There was a joyous buzz on the docks as big Mike Hamilton thanked the assembled PAE crew for commissioning his new home and his lovely wife Pinky virtually disintegrated the champagne bottle with a vigorous whack –game on! And the result was triumphantly hailed by the assembled crowd.
After a wonderful send off celebration hosted by Mike and Pinky Hamilton down on our docks, the good ship Skeena was ready to slip away and get some more time on her systems before the upcoming long trip home from Dana Point, CA to Seattle, WA. And so it was a couple of days later that I found myself one of four happy people taking off to sea…
There’s always room for a new first and now I can say I’ve conducted my first offshore delivery – at night! I know, it shouldn’t matter, but there really is a different vibe running a boat after dark, and I love it. Of course it helps if you are in familiar waters on a regular route and it’s an awful lot easier if you make the gentle transition – late afternoon / sunset / twilight / dusk / nightfall. Such was the sequence for the maiden voyage of Skeena – hull number 51 in the 40/II series.
The actual hand off took place with the paperwork signing at 7:30 p.m. about 15 miles off the California coast – halfway to Catalina – with the stars looking on as witnesses. This was an event that will remain a lot more memorable than most.
Mike and Pinky Hamilton were the first people to sign up for a 40II – over two years ago – and on this evening the official exchange of title took place. Over the past many months we’ve developed a close friendship – in fact they even stopped by my house for a shower and breakfast after driving overnight from their home in Washington with a truck full of boat gear earlier in the week.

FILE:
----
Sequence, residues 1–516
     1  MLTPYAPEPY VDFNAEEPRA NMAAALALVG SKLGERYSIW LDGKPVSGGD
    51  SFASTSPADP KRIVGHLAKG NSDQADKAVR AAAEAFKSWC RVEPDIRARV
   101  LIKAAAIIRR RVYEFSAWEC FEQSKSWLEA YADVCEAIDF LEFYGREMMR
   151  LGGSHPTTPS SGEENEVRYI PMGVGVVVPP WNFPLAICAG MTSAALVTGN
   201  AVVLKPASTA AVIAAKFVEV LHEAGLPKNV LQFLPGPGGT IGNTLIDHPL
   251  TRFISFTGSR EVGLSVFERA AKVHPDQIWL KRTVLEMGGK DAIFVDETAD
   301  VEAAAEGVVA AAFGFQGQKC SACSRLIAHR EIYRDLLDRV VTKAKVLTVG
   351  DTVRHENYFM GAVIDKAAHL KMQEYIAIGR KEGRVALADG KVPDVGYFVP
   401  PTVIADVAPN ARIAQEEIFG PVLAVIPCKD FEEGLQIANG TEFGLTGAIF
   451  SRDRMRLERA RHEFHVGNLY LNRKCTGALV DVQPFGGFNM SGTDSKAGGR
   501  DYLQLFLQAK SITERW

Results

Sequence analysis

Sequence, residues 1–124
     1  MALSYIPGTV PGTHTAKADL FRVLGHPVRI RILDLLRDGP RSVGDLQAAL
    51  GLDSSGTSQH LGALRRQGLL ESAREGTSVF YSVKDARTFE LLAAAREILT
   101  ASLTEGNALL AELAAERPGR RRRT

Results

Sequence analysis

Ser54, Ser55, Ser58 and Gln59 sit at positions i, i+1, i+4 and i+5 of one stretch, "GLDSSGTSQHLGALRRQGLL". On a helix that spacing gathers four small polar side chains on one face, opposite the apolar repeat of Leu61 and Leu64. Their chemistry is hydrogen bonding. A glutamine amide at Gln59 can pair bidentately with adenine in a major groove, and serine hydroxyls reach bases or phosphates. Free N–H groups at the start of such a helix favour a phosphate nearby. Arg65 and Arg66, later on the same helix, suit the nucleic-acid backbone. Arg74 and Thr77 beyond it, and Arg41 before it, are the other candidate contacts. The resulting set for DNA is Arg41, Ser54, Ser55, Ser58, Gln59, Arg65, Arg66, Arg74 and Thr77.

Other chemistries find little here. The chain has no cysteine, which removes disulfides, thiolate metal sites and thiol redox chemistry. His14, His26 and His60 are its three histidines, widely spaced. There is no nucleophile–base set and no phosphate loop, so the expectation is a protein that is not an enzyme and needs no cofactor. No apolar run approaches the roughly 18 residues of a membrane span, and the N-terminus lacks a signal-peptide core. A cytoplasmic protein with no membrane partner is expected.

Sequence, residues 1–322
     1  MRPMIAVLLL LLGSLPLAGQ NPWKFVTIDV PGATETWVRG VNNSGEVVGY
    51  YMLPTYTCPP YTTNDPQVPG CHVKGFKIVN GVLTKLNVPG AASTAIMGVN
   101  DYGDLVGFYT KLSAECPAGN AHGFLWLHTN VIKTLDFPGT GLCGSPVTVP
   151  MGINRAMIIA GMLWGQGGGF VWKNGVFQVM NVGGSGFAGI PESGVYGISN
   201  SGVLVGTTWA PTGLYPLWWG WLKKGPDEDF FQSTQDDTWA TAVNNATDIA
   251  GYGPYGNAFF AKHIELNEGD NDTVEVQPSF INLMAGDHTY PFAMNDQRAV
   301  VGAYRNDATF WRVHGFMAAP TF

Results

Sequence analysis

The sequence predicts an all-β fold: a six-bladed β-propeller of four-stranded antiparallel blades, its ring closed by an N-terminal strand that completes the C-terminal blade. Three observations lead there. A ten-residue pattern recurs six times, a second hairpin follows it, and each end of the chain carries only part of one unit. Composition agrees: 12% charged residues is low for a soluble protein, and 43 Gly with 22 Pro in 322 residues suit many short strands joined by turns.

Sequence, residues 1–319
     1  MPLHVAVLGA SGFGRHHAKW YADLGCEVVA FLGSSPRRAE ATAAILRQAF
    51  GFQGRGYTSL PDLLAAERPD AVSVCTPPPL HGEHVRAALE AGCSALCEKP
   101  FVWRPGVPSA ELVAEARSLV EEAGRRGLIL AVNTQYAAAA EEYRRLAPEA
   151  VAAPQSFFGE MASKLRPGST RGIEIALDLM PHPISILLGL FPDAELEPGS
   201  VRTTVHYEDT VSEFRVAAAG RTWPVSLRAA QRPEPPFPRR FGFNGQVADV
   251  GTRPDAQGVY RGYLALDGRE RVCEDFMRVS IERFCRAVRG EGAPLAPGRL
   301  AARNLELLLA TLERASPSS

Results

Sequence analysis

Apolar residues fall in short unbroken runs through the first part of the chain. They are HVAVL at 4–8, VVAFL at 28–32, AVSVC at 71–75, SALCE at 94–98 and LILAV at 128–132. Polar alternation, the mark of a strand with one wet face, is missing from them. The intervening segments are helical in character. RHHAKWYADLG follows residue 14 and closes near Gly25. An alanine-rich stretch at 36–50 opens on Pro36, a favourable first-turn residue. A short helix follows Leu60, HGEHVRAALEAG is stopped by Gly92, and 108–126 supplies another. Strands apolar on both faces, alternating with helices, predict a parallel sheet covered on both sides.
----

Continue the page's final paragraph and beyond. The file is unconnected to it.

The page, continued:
On this trip across the channel to Catalina my wife Pam was invited to join in so we had a full house and soon found ourselves in pretty good seas frolicking furiously for a fun-filled Friday night. With the sun long gone and the moon sneaking up behind us we signed the official paper work and took photos to record our latitude and longitude. With a sense of relief Mike took the helm as the official captain of his new yacht for his first time and steered us on our way to Avalon.
We got off to a late start – departing Dana Point at 5pm, and the seas were a bit steeper than usual. Local TV and radio reports all day long hyped up the coast as having the largest surf swell of the year and when we listened to NOAA we got a similar story. But running at 7 knots we found a reasonably pleasant groove going into the seas and it was a bit like a Sunday car ride out over some rolling hills.
Our plan had been to leave by noon so that we would do the five hour crossing in day light (not necessary of course, but a little easier to manage on a first trip since increased visibility always tends to give you more confidence), but in order to tend to some last minute installations and equipment fixes, we pushed back our target departure time.
Once out of sight of land and with everyone settled we spotted two huge cruise ships crossing our bow. Lit up like the floating city blocks that they are, these behemoths were floating south from Los Angeles to Mexico for a luxurious getaway. Hmm, I could imagine all of the nattily clad guests sipping cocktails and loading their plates from a seafood extravaganza buffet and there is no way I’d give up my bottled water and chips and dip. We had the top halves of the Dutch Doors in the wheelhouse open, and with the wind rustling through, the boat dancing across the sea and the Lugger engine purring along, I couldn’t imagine changing places with those folks.